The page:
I hate crying almost as much as I hate being labeled as a “female entrepreneur” or a “female investor.” Both of these things make me feel weak and vulnerable, as if I’m somehow not strong enough to play in the major leagues. But if there is one thing I’ve learned on this incredible ride of founding an accelerator for women, it’s this: My female qualities that I’ve taught myself to hate – deep empathy, vulnerability, etc — are an intrinsic part of why my female partners and I were able to pull together an accelerator and an inaugural first class that was seen as top-tier.
By the end of our first Demo Day, I was so tired, I could barely speak. It was a level of exhaustion I’ve experienced very few times in my life, but it wasn’t because of my lack of sleep. It was because I was emotionally overcome.
At least 100 people went out of their way to give MergeLane heartfelt positive feedback. These weren’t just generic congratulations and pats on the back. These were truly moving compliments, nearly every one of which made me teary. By the 99th compliment at 9pm, I was so emotionally exhausted from trying not to cry, I collapsed into bed. When I woke up and started to reflect on all of this, I decided it was time. On the morning after our wildly successful Demo Day, I let myself cry. I cried, and cried and cried because I was so proud of our amazing MergeLane teams, my partners Sue Heilbronner and Hannah Davis, and all of our investors, mentors and sponsors who took this giant leap with us.
To express my sincere gratitude for the privilege of being a part of MergeLane, I’d like to share a few of the most tear-jerking compliments:
From Tom Wyman, Borealis Ventures:
What a great day! Some highlights for me were…The people! Everyone was so warm, friendly and easy to talk to. I think it’s at least in part because we all felt connected by being part of something wonderful.
Being able to bring my daughter Sammy! She’s 15, loved it, and spent dinner tonight quizzing me on what happened in the investor meetings. As my girls grow I’m always thrilled when we develop a new shared interest that allows us to connect in a new way. That happened today.
The pride I felt when the people I invited told me how glad they were they attended. They all said some version of, “Wait a minute! Every day I go to work and you get to hang out with MergeLane teams!?! How do I get in on the action?”
A tweet from Daniel Zacek, 9-1-1 Labs:
Days like today, the orgs like @Mergelane & @NCWIT, and a community that supports them are why we’re raising our daughter in Boulder.
From Seth Levine, the Foundry Group:
Today was amazing. Loved the creativity, energy and pure fun factor of demo day. It was awesome! And I thought the teams did great. You guys hit this out of the park!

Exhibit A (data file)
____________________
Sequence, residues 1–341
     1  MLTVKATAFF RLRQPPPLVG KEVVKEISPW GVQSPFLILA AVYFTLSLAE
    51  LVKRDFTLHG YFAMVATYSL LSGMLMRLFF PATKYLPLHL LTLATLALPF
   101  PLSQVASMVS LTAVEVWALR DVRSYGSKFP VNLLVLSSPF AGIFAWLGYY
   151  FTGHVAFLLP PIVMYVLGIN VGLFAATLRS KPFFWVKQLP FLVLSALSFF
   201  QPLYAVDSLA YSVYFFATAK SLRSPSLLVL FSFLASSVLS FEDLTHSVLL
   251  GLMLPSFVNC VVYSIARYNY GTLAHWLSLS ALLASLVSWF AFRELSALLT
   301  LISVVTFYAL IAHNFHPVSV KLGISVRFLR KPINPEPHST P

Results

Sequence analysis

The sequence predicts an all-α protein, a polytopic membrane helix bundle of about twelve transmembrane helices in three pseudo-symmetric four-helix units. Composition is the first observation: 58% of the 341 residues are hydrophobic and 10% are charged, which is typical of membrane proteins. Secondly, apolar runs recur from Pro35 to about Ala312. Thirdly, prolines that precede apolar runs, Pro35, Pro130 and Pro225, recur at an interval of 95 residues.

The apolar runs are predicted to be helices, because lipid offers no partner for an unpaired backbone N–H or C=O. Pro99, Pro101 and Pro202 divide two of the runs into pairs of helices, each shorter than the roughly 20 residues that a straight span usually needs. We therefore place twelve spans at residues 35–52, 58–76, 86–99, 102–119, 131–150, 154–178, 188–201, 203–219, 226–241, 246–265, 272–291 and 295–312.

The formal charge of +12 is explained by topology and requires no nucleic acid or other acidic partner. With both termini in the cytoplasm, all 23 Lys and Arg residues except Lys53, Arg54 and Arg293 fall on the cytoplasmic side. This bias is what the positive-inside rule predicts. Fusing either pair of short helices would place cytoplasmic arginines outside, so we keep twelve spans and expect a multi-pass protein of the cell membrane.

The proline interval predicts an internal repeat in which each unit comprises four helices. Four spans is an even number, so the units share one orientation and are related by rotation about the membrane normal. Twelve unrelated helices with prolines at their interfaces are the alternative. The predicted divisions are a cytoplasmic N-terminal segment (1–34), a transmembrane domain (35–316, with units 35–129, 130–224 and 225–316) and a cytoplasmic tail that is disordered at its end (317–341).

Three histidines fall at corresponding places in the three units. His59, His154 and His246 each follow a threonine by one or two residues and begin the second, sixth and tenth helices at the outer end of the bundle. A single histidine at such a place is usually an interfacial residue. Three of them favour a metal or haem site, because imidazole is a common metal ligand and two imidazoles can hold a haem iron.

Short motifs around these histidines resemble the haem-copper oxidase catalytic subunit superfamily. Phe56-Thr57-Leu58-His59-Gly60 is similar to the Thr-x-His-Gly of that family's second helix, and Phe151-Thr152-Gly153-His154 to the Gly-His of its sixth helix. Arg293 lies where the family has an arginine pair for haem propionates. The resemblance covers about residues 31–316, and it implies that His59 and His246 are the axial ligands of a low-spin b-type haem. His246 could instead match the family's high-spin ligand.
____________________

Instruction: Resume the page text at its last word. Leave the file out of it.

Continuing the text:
From Nancy Stevens, First Western Trust:
The room was electric, the presentations were exceptional, and most importantly the companies have come incredibly far in their 12 weeks being a part of MergeLane. To follow on Sue’s words, I am PROUD to be a MergeLane sponsor.
From Hugh Bernardi, Interwest Distribution Company:
Not only have you made a huge impact on their businesses, but you’ve made a huge impact on these women. They simply look and sound like different people. From the authority in their voice to the way the way they hold themselves in the world, you aren’t just accelerating companies, you are building extraordinary women.
Thank you, thank you, thank you to all of you for believing in us, volunteering your time, investing in our teams, sponsoring our efforts and, most importantly, for making me cry.
In this Fund81 podcast episode, I invited Brad Feld, founding partner of Foundry Group, to share his thoughts on maintaining mental health in the fast-paced venture capital world and supporting portfolio companies, colleagues, friends and family wrestling with mental health issues.
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As a venture capitalist, I am frequently surrounded by exceptionally high-performing and inspiring people. Until recently, I had never stopped to think about the impact of that.
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I am extremely disciplined and focused. However, this can also be a detriment. Anything I perceive as a distraction from my to-do list feels stressful, and I have to constantly tell myself that off-the-to-do-list opportunities are often the best opportunities. I was recently reminded of that.
For the final episode of Fund81's first season, I interviewed Jaclyn Freeman Hester from Foundry Group. As someone relatively new to the industry, she has a fresh perspective on what's compelling to institutional investors and an incredible pulse on the landscape for emerging VC managers. Enjoy!
Could I be more effective if I simply surrendered to a schedule that felt natural to me? After some serious self-reflection and experimentation, I can unequivocally say YES.
I’m trying to focus my time on opportunities to operate in my zone of genius and a few select priority areas in line with my passions and in which I feel I can make the most impact, aka my true north. To help all of us stay the course, I thought it might be helpful to share those priorities.